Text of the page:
Gallup finds that since January, a 17-percentage-point advantage for Democrats in party affiliation or leanings has narrowed to a 5-percentage-point margin.
Many pollsters are finding the Republicans leading the generic congressional ballot. President Obama’s approval rating has sunk from the 70s to the low 50s. In New Jersey and Virginia, polls that show the Democrat ahead are few and far between.
By almost every measuring stick, Democrats and President Obama began the year on top of the world, and have steadily lost that public confidence and trust over the past eight months.
What happened? Well, the utopia of hope and change did not take hold immediately, and hopes for a moderate course have been dashed. But also worth noting is how dramatically the political landscape has changed since George W. Bush rode off into the sunset. Perhaps while he was front and center, and the dominant voice of the GOP, many Americans tired of Iraq, tired of his Texas twang, tired of everything they had seen and heard for the past eight years; they would hear nothing else from the GOP, and could overlook a multitude of flaws in the Democratic-party option.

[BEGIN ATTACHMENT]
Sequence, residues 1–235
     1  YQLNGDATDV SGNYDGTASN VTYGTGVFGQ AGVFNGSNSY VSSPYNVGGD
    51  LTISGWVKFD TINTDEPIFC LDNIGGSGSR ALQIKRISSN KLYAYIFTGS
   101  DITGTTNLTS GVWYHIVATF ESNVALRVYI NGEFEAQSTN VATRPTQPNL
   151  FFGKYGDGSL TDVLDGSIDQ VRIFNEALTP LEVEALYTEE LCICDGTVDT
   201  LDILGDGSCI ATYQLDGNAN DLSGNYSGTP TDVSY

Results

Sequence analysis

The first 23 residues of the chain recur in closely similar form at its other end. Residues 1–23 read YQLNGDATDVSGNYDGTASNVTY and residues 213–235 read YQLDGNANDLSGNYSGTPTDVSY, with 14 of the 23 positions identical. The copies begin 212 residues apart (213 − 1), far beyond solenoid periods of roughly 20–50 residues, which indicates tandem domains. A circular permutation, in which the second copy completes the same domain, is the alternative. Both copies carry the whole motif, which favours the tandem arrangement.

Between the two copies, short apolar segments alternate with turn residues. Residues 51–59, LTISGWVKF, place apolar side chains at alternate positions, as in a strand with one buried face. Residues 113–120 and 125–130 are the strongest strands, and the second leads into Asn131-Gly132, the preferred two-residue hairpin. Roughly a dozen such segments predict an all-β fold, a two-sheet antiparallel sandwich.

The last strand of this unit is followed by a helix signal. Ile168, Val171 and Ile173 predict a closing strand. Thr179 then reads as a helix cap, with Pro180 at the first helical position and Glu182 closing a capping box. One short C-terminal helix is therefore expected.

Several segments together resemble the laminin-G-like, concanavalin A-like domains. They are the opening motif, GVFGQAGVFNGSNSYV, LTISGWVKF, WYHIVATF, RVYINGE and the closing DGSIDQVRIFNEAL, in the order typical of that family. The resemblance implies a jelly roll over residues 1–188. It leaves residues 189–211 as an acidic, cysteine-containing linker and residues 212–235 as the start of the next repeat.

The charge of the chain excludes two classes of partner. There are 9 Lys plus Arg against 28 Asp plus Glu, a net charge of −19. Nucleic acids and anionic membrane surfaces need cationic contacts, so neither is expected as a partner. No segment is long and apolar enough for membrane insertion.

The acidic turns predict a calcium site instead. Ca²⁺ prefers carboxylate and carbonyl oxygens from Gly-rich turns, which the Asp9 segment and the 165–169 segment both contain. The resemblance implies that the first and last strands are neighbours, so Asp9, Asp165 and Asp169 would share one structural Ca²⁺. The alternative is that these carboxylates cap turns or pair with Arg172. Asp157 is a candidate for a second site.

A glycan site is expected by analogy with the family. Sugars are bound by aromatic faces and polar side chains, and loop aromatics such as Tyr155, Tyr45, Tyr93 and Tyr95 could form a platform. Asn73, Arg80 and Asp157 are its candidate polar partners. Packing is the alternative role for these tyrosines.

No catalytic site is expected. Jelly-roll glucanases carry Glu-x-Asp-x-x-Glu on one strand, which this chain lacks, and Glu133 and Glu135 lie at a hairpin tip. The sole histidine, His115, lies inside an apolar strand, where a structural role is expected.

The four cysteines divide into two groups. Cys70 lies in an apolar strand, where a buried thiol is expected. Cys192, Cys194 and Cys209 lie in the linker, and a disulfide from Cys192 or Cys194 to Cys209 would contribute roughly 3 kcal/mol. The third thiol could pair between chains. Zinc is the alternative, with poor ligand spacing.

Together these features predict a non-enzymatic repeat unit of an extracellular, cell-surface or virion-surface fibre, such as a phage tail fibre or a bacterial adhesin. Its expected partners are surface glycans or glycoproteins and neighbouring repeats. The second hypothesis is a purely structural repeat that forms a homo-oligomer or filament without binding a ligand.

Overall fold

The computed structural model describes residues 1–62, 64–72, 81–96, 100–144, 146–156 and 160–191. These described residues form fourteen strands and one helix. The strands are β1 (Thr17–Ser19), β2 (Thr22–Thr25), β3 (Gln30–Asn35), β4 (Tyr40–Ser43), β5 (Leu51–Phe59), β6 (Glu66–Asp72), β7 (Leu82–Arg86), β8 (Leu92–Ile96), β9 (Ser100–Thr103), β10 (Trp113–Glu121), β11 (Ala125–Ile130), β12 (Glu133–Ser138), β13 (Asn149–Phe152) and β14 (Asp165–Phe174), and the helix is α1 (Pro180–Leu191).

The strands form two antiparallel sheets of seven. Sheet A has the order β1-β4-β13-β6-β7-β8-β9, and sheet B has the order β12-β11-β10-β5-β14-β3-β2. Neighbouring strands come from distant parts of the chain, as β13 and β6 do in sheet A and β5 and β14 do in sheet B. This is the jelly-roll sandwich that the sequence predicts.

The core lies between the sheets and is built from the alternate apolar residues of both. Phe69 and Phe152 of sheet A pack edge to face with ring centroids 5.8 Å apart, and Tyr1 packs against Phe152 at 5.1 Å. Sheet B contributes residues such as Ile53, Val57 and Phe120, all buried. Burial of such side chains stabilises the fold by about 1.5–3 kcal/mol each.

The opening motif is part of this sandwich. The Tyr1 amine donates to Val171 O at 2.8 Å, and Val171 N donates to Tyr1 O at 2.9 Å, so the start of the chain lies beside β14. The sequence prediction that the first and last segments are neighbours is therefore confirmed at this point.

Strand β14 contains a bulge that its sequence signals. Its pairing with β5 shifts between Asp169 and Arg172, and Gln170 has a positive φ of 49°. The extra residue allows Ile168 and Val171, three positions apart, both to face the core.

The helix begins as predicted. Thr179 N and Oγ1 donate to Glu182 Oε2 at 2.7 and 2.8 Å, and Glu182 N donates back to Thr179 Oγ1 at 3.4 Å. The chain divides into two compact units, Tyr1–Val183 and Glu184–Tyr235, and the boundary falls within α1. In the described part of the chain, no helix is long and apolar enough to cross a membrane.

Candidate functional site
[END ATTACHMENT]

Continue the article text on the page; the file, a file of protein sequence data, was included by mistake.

The world looks different without that familiar – and at times deserving – scapegoat.